return { name: event.name, toppings: event.toppings };
  }
}

Since Pizza as a class or as interface is being used by the PizzaMaker class purely for type-checking, refactoring Pizza as an interface did not affect the body of the PizzaMaker class at all. Observe how the Pizza interface just lists the name and toppings properties and gives them a type. What also changed is that we cannot create an instance of Pizza anymore. Let’s further explain this core difference between interface and class by considering Pizza as a class again.

Using TypeScript class vs using Typescript interface

As it is, our current code provides type-checking for Pizza but can’t create a pizza:

interface Pizza {
  name: string;
  toppings: string[];
}

class PizzaMaker {
  static create(event: Pizza) {
    return { name: event.name, toppings: event.toppings };
  }
}

This is unfortunate because we are missing a golden opportunity to further improve the declarative nature and readability of our code. Notice how PizzaMaker.create() returns an object that surely looks a lot like a Pizza would! It has a name that is a string and it has toppings that is a string array - we infer the property types from the type of event which is Pizza. Wouldn’t it be awesome if we could return an instance of Pizza from within PizzaMaker.create()?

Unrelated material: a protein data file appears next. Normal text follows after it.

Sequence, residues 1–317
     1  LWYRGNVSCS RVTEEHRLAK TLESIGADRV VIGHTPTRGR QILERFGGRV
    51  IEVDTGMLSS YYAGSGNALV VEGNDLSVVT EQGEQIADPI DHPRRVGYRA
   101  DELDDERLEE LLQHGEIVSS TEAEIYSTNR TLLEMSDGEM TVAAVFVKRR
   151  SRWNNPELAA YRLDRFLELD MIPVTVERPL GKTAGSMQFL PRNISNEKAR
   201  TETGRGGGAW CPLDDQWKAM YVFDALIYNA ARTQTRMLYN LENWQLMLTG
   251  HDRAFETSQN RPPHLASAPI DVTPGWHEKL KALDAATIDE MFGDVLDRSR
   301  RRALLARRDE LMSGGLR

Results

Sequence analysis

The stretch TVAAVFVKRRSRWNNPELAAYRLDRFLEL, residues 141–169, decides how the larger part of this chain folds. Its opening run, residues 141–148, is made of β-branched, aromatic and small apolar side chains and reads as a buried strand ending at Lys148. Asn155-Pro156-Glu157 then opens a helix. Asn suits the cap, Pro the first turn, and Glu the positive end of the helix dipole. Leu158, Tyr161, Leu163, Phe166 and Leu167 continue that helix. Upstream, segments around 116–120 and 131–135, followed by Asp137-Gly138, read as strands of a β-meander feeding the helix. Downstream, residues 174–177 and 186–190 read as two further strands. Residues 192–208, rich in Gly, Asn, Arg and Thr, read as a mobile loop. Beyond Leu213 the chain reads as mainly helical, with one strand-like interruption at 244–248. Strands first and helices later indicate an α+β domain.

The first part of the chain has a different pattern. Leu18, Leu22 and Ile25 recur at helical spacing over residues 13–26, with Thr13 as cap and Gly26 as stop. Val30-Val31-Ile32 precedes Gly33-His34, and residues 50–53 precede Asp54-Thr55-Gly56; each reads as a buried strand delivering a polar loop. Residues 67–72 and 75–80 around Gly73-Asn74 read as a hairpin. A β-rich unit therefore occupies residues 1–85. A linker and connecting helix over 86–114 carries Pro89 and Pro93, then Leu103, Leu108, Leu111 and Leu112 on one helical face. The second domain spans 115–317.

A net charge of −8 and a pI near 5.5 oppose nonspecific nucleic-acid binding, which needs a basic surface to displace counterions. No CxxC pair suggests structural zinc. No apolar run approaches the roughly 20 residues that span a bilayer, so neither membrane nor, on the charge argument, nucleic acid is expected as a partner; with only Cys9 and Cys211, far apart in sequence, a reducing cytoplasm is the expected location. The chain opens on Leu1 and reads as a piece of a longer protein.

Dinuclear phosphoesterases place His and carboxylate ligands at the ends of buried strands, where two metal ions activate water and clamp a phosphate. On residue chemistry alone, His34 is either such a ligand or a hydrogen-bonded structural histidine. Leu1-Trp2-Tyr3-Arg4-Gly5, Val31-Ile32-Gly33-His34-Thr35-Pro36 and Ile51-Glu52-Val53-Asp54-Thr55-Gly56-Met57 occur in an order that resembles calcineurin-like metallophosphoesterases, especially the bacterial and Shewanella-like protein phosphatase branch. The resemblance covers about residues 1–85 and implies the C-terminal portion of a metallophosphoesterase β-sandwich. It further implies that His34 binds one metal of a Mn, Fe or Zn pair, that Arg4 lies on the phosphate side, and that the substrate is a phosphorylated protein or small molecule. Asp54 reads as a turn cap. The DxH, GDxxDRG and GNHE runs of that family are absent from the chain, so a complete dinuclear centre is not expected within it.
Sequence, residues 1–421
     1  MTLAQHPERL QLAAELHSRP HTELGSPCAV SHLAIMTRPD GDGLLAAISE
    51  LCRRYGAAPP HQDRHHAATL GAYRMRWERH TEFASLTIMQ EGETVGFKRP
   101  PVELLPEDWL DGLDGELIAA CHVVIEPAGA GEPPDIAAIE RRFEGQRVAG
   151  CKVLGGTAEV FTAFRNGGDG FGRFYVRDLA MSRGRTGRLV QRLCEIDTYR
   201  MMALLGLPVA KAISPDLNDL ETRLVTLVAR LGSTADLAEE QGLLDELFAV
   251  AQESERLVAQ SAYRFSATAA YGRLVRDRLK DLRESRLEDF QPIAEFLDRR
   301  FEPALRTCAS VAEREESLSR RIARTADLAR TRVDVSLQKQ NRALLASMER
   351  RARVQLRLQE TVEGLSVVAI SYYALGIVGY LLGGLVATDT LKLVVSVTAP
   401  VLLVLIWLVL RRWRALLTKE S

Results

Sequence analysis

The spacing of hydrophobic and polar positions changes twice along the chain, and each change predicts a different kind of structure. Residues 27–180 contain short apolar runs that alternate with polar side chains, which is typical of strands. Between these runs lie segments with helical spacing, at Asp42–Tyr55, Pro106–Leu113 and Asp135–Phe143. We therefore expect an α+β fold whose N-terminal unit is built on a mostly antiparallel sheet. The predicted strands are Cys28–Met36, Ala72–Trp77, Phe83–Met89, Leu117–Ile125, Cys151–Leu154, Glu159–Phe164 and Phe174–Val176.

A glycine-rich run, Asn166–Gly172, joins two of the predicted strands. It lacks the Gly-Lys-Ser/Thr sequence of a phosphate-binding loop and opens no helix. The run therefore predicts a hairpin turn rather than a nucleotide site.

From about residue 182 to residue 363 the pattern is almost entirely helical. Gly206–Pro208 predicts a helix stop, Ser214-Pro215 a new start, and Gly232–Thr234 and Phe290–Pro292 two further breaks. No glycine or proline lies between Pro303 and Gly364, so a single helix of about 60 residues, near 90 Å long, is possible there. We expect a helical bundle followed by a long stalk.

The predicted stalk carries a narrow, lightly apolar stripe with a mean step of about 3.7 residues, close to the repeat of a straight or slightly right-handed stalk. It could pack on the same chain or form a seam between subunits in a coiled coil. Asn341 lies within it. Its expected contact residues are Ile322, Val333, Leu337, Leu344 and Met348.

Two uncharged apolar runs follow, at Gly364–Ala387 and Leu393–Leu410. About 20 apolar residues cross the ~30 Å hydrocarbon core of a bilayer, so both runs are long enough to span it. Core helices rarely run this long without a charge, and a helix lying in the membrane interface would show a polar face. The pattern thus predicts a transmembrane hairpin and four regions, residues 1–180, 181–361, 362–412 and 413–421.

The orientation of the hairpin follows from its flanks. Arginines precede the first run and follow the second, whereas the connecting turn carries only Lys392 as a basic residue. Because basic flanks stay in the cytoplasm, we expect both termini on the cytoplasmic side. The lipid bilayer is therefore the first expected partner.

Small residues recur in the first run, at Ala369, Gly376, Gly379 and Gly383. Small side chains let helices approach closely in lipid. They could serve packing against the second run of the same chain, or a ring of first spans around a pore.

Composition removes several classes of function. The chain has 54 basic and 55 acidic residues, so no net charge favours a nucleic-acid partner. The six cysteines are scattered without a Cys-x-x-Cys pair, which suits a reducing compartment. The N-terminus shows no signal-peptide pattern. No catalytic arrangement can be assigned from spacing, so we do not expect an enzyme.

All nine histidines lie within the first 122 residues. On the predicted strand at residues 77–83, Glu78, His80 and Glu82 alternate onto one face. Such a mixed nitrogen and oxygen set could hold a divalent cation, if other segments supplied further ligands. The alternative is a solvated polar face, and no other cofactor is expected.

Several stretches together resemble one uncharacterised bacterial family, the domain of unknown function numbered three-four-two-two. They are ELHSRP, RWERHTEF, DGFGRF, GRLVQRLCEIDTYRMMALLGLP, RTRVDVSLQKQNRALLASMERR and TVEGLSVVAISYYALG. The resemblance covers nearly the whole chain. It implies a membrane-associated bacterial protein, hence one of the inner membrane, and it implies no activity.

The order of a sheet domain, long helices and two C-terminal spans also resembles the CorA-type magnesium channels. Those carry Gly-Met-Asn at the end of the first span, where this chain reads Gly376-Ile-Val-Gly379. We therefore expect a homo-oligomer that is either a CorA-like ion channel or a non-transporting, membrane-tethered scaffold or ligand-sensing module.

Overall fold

As mentioned many times earlier, we can’t instantiate the Pizza interface, doing so will trigger an error. However, we can refactor again Pizza to be a class and then return an instance of Pizza:

class Pizza {
  constructor(public name: string, public toppings: string[]) {};
}

class PizzaMaker {
  static create(event: Pizza) {
    return new Pizza(event.name, event.toppings);
  }
}

const pizza = PizzaMaker.create({ name: 'Inferno', toppings: ['cheese', 'peppers'] };

We enforce the structure that the event argument of PizzaMaker.create() takes whilst still being able to create the object that the type Pizza as a class defines! We get the best of both worlds here - the blueprint and the contract. It’s up to you which one you need for your use cases.

Conclusion

We’ve learned a lot, without really diving into a huge amount of code. The tl:dr; is if you need/wish to create an instance of perhaps a custom object, whilst getting the benefits of type-checking things such as arguments, return types or generics - a class makes sense. If you’re not creating instances - we have interfaces at our disposal, and their benefit comes from not generating any source code, yet allowing us to somewhat “virtually” type-check our code.

Since both an interface and a class define the structure of an object and can be used interchangeably in some cases, it’s worth noting that if we need to share structural definition amongst various classes, we can define that structure in an interface and then have each class implement that interface! Each class then will have to declare or implement each property of the interface. That’s the power of TypeScript, and it’s also super flexible. We have comprehensive object-oriented design paired with versatile type-checking.